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Hybrid cars use both electric motors and a conventional petrol or diesel engine to drive the vehicle.
Hybrids are usually categorised into:
- mild hybrids
- full hybrids
- plug-in hybrid electric vehicles (PHEVs)
- extended-range hybrid electric vehicles (E-REVs).
The engine in these vehicles is always assisted by an electric motor (for example, the Honda Insight). The engine stops when the car is at rest and re-starts as soon as the accelerator is pressed to move off. This allows a smaller petrol engine to be used and improves fuel economy, particularly in urban and suburban driving. The battery is charged by the engine when the car is not accelerating, and energy from braking is also used to recharge the battery in a process called regenerative braking.
These vehicles can be driven at for a limited distance by the electric motor alone (for example, the Toyota Prius). This allows almost silent progress and zero tailpipe emissions in slow moving traffic. The engine starts as speed increases or when there is a requirement for greater acceleration. The battery is recharged by the engine when the car is not accelerating and also through regenerative braking. The additional weight of the battery and electric motor, in conjunction with the lower inherent efficiency of a petrol engine, mean that a similar sized diesel car may be more fuel efficient on motorway journeys.
Plug-in hybrids combine petrol or diesel engines with a battery and electric motor. They can also be plugged into the mains electricity in order to provide a much longer driving range on electric-only power. The batteries have a greater storage capacity than an existing hybrid, making it possible to drive considerably further using the electric motor only. For most commuting and domestic journeys it will be possible to drive in the electric mode with zero exhaust emissions.
Extended-range hybrids are similar to PHEVs (above), but they are always powered by their electric motor. The petrol or diesel engine simply keeps the battery charged on longer journeys. The engine doesn't power the wheels; instead it provides power to maintain the battery power, so it acts like a generator. The Vauxhall Ampera was the first model of this type to reach the market.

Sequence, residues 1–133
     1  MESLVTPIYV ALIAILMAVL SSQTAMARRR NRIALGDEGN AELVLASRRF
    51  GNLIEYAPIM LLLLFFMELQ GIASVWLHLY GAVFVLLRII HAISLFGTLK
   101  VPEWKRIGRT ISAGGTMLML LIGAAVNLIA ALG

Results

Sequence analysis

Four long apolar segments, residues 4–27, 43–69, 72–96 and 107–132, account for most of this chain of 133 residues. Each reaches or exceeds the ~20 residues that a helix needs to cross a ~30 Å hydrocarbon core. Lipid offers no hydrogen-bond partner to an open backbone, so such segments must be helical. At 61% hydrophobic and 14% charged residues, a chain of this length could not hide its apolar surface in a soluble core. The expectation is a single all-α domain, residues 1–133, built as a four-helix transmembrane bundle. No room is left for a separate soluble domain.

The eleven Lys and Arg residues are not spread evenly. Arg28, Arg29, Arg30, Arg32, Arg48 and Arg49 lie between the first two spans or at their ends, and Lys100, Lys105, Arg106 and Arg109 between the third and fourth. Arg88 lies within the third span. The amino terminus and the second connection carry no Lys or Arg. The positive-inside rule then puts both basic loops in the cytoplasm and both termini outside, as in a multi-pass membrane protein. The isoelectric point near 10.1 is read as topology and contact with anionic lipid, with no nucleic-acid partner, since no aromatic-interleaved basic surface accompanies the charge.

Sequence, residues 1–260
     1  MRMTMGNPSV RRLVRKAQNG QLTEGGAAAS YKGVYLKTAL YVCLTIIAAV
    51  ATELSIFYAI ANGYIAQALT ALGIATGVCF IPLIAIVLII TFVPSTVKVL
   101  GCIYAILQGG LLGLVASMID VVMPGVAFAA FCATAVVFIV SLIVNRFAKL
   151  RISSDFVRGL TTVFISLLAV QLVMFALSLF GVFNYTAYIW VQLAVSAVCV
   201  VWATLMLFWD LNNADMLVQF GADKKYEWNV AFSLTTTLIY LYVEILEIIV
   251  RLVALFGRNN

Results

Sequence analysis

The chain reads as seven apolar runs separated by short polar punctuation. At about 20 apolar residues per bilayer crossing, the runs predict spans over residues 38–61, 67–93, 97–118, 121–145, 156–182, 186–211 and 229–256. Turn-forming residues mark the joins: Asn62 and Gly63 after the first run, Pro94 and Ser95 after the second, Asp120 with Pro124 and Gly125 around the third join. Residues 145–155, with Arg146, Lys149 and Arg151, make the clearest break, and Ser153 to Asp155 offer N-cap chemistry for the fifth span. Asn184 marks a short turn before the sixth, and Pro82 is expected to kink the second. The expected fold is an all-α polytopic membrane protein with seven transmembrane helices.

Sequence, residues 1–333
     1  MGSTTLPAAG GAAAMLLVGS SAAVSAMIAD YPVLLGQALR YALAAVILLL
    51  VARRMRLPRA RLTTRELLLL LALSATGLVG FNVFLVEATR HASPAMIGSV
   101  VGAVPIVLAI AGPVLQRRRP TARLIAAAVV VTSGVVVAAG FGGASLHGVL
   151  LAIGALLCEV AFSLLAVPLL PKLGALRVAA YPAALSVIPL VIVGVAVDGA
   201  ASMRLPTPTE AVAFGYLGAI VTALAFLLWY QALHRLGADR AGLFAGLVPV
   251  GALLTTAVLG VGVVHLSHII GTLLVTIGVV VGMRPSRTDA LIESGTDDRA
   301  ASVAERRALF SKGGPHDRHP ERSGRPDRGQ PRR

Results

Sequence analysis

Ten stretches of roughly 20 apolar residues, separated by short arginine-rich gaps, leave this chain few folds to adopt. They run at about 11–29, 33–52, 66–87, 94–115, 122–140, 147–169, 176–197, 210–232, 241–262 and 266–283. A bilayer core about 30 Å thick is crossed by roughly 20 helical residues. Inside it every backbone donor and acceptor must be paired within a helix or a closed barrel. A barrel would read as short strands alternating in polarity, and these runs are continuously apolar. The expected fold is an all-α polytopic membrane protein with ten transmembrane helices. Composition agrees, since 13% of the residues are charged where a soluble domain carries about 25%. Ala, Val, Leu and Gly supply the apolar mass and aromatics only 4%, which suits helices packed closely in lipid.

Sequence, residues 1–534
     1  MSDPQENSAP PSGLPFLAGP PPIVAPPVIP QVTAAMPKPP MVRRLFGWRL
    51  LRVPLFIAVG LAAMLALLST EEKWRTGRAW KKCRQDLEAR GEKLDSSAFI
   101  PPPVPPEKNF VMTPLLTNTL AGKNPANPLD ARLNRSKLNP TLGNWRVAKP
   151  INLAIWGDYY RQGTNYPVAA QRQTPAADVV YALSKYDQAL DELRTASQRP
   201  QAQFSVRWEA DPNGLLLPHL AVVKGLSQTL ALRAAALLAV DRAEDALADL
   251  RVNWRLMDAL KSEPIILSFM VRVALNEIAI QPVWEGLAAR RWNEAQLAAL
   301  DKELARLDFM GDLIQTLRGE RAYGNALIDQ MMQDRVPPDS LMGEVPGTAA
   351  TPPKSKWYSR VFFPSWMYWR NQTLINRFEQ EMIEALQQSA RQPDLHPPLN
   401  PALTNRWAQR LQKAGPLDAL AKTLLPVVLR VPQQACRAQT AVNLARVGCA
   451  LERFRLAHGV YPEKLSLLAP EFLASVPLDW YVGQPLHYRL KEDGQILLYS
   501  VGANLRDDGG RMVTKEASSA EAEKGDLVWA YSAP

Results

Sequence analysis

Pure electric vehicles are powered solely by on-board batteries. The new generation of electric cars have a range typically of 80 to 100 miles on a full charge, sufficient for the commuting and daily driving patterns of many people. The vehicles must pass the stringent safety testing which applies to all cars and in terms of overall performance they will be suitable for normal use including motorway driving.
Potential buyers will understandably have many questions to which they will demand answers before committing to the purchase of an electric car. For free, impartial advice to help decide if a plug-in vehicle could be appropriate for you, call one of our Transport Advisors on 0845 602 1425 or email email@example.com.
Government support in the form of the Plug-in Vehicle Grant is available to reduce the higher initial cost. This provides a subsidy of:
- 25%, up to £5,000, towards the cost of an electric car
- 20%, up to £8,000, towards the cost of an electric van
The Department for Transport's website has a list of eligible cars and eligible vans. The grant is automatically deducted from the retail price when an eligible vehicle is purchased, so there is no additional paperwork to complete, and you don't pay the full retail price upfront and then have to reclaim the benefit.
For both the car and van grant, minimum warranty terms apply and pre-registration conversions are eligible The van grant applies to vehicles with a gross weight of 3.5 tonnes or less, and performance criteria including a minimum range of 60 miles for fully electric vans (10 miles for plug-in hybrids) and a minimum top speed of 50 mph.